Born 17 July 1921, Chicago Heights, Illinois
Died 5 September 1977, Concord, California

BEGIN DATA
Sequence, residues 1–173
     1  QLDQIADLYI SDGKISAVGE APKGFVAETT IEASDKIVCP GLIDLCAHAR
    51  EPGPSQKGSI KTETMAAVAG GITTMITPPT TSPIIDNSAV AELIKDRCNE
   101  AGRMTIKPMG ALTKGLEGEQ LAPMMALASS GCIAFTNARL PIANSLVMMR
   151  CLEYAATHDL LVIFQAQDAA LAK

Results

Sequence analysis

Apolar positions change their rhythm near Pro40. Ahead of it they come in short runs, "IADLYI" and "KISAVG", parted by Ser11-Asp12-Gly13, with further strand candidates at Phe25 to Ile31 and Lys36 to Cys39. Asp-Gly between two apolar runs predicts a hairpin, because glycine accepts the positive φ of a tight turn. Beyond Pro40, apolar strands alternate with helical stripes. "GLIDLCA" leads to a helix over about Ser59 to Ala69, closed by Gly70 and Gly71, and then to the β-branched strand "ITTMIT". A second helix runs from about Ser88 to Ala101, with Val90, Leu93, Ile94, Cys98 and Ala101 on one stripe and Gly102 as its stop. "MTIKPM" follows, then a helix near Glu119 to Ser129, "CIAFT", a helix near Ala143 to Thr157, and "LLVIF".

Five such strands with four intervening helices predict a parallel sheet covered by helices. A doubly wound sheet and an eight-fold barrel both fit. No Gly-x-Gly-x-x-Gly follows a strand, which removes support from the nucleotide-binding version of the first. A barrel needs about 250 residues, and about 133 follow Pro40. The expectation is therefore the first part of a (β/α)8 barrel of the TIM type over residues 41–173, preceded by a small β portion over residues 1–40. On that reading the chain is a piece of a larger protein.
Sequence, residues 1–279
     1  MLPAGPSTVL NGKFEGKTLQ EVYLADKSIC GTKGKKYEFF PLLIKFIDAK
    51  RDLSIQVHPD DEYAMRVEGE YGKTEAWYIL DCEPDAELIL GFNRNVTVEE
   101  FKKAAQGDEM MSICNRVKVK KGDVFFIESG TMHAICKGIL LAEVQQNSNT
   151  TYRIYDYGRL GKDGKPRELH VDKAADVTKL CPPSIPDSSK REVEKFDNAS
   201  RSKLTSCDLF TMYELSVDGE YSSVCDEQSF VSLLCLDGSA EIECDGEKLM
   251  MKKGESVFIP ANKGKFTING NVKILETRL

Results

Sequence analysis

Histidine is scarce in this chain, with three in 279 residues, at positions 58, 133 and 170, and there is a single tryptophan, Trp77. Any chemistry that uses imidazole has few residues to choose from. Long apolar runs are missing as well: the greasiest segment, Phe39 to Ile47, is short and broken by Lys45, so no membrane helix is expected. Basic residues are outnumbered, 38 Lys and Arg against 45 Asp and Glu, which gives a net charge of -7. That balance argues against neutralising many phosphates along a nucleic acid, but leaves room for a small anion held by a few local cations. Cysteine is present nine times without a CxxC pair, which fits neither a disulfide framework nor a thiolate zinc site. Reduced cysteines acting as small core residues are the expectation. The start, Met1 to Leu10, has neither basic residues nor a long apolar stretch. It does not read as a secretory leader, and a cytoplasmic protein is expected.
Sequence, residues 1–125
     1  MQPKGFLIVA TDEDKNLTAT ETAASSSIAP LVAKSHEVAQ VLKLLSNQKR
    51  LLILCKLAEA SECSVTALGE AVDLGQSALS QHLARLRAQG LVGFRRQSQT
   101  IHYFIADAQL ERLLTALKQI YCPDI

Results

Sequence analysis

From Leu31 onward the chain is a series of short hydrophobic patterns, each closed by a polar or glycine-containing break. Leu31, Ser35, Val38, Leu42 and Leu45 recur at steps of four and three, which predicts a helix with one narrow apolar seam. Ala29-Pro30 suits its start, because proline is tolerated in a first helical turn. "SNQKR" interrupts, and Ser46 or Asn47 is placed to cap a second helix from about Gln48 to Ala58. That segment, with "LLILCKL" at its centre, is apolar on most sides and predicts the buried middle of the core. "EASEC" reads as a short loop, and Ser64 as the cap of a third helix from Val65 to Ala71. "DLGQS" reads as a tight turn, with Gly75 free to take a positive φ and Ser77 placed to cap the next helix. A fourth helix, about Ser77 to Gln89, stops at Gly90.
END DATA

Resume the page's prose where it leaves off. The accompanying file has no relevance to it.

George Barnes was one of the most prolific and versatile session guitarists of the fifties and sixties. Though basically a jazz man, he was a master of all styles : blues, country, folk, pop, R&R, R&B. He was one of the first to record on electric guitar and Chet Atkins, Les Paul and Charlie Christian have cited him as a primary inspiration. By the age of 14, Barnes was already a professional musician and had formed the George Barnes Quartet. Two years later he made his first records under his own name: "I'm Forever Blowing Bubbles" and "I Can't Believe That You're In Love With Me" for Okeh Records. By 1938 he was working on the staff of NBC, as a conductor, guitarist and arranger, and did blues and country sessions with the likes of Washboard Sam and Big Bill Broonzy. After a stint in the military during World War II, Barnes resumed his studio work and recorded radio transcriptions with his unusual octet. In 1951 he moved from Chicago to New York City, where he immediately got a contract at Decca to conduct, arrange, do backing vocals, his own albums and record dates (he said the only thing he didn't do was sweep floors!). George also met Carl Kress in 1951, the start of a friendship that was to result in the formation of the critically acclaimed George Barnes/ Carl Kress Duo in later years. They toured the world together and made some of the finest guitar duo recordings ever. Around this time George had the Guild Guitar Company build a unique guitar to his specifications partly arising out of his dissatisfaction with the way electric guitars were prone to feedback. After Kress' death in 1965 George's next partner was to be Bucky Pizzarelli. As a session player, Barnes has worked with everyone from Louis Armstrong to Bob Dylan. His daughter Alexandra has compiled a selective list of Top 40 hits that he played on: I have my doubts concerning the reliability of this list. Quite a few Brenda Lee items are mentioned ; according to Brenda's Bear Family discography, Barnes never played on any of her 1956-62 sessions, not even the sole NYC session. He wasn't on "Splish Splash" either, though he did play on "Early In The Morning" (both versions), not mentioned in the list. Other omissions include "What Am I Living For"/"Hang Up My Rock 'n' Roll Shoes" (Chuck Willis) and several Coasters hits, including Along Came Jones, Poison Ivy and Little Egypt. Perhaps his best known guitar solo is that on Connie Francis's "Lipstick On Your Collar", although I've also seen it credited to Bucky Pizzarelli. Website:

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